Corporate Extortion Does Not Equal Jobs
In the wake of the vote by Boeing unionists in Washington State to accept the unacceptable (in terms of contract provisions) when blackmailed over their future employment by the company, I offer this insight from LA Times columnist Michael Hiltzik:
Here’s a business practice likely to keep booming in 2014: corporate extortion.
We don’t mean extortion of corporations, as is practiced by Somali pirates or entrepreneurial Russians. We mean extortion by corporations.
In this field the victims are taxpayers, and what makes it a beautiful business is that the taxpayers think they’re getting a great deal, even as they’re led to the shearing. And a lucrative shearing it is, for business: By the estimate of the Washington-based Institute on Taxation and Economic Policy, state and local tax incentives funnel $50 billion in tax revenue into corporate coffers every year. On a national basis, ITEP says, this is worse than a zero-sum game: The incentives are “much more likely to reshuffle investment between geographic areas than … to spur genuinely new economic activity.”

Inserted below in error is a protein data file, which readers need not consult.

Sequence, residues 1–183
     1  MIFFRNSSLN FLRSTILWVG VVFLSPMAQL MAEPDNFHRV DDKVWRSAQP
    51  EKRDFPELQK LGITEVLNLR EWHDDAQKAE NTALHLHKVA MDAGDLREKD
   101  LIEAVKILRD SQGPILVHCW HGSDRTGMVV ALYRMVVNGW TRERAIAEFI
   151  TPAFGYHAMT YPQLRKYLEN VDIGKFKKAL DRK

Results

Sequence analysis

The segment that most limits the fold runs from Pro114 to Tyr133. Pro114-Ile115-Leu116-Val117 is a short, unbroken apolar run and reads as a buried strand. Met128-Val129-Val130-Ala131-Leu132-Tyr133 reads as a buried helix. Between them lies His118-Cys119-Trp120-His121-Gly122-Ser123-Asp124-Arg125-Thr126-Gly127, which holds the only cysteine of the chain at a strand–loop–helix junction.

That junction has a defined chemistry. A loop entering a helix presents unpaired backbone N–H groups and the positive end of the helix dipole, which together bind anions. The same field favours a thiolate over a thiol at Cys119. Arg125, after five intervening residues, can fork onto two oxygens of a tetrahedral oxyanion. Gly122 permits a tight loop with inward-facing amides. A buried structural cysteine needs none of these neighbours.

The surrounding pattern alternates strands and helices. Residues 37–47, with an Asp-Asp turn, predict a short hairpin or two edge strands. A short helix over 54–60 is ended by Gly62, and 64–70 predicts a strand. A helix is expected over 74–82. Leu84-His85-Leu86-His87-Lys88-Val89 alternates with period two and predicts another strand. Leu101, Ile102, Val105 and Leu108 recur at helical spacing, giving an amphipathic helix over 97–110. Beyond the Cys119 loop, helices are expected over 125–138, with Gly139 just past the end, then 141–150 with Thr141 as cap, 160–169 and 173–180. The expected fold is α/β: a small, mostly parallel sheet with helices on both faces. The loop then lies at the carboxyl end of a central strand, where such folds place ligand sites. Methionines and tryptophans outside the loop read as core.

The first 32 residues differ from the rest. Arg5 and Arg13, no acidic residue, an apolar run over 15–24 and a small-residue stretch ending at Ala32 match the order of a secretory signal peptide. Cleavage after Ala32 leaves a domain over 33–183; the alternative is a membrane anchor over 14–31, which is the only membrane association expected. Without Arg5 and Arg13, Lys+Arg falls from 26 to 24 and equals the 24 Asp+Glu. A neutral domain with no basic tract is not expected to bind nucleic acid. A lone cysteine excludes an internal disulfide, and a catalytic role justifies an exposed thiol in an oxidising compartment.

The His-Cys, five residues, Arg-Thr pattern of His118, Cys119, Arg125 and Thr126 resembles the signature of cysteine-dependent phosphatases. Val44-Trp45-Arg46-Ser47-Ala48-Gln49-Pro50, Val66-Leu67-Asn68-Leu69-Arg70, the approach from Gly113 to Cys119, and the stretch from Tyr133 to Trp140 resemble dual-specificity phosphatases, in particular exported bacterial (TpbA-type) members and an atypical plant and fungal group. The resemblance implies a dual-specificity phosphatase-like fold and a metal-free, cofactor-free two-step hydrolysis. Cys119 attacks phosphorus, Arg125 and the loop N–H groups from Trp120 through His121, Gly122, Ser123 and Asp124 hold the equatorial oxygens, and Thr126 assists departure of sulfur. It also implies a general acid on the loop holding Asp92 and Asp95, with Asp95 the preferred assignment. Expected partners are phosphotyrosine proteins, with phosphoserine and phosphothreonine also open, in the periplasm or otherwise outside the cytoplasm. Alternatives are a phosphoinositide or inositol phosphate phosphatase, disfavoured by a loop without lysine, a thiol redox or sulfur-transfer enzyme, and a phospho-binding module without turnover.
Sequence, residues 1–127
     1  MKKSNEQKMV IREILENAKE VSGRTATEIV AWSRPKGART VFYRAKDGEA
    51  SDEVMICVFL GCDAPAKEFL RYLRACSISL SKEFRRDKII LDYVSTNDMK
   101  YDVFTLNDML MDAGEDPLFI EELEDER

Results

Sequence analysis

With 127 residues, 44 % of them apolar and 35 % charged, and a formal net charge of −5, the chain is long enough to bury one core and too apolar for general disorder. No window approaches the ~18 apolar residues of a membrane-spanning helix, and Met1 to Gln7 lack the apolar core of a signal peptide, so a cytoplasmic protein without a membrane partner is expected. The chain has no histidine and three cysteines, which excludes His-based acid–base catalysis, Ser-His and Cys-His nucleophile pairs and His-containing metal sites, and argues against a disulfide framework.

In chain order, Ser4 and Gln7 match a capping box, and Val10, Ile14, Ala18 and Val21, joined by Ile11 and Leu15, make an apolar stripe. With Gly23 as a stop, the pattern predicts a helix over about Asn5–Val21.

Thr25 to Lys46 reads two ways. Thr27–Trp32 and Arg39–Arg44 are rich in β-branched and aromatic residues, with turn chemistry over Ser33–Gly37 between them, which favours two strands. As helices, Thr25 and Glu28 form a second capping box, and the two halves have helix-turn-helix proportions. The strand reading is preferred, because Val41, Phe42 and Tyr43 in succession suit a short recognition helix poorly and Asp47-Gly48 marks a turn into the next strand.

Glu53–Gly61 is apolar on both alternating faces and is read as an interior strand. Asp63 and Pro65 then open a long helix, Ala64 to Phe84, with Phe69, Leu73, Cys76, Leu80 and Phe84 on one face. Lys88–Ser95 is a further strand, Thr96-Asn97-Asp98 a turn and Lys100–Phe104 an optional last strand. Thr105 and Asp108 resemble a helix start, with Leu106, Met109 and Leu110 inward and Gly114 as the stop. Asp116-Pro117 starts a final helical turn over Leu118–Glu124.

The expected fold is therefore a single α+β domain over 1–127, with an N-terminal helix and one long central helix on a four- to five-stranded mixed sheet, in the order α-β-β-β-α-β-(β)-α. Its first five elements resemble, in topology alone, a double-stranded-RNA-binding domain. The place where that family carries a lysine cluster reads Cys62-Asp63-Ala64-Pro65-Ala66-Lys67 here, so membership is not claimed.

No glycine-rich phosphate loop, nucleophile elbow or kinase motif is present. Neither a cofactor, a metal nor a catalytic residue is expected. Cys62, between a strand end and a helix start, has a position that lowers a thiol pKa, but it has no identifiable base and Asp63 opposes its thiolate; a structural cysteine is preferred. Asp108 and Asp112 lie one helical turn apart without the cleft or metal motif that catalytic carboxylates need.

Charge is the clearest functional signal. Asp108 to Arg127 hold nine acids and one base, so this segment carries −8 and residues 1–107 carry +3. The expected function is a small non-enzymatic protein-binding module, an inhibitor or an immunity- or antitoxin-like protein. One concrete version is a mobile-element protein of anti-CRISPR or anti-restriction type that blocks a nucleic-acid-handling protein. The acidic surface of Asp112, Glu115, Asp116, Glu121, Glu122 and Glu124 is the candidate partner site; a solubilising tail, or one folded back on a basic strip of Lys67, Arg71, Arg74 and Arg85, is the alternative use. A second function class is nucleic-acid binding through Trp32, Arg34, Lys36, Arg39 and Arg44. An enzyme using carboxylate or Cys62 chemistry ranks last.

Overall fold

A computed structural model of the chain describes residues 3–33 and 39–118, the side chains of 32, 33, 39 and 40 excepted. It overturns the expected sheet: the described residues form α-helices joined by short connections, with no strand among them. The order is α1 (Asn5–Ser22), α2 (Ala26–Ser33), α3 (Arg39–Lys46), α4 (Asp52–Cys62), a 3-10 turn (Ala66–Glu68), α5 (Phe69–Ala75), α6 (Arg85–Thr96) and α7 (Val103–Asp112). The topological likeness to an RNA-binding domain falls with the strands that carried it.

The trendsetter for the coming year may turn out to be Boeing. The aerospace company has been dangling the prospect of a big airliner production facility in front of several states, including California, since mid-November. That’s when union machinists in Everett, Wash., rejected its demands for big concessions on pension and healthcare benefits. The process started only days after Washington Gov. Jay Inslee signed the biggest state tax break in history into law — a package that will give Boeing up to $8.7 billion in benefits through 2040.
Boeing’s shopping the production program to other states goaded the International Assn. of Machinists to schedule a second vote Friday. As this column went to press the results were unavailable. The company said it would keep much of the production of its new 777X airliner in Everett if the contract passes, though some work may go to other locations anyway.
Ugh. The story goes on to quote a California Congressman saying Long Beach is still in the running for the deal, despite the union’s concessions.
Check Out the SDFree Press Calendar
Thanks to the efforts of Brent Beltran, the San Diego Free Press now has an on-line calendar of events. You can see events in the arts, performances and political gatherings of every persuasion by clicking on the ‘Calendar’ Tab at the top of the page. To get your event listed, drop us a line: email@example.com
On This Day: 1942 – The first commercial around-the-world airline flight took place. Pan American Airlines was the company that made history with the feat. 1958 – Gibson patented its Flying V electric guitar. 1994 – Figure skater Nancy Kerrigan was clubbed on the right leg by an assailant at Cobo Arena in Detroit, MI. Four men were later sentenced to prison for the attack, including Tonya Harding’s ex-husband.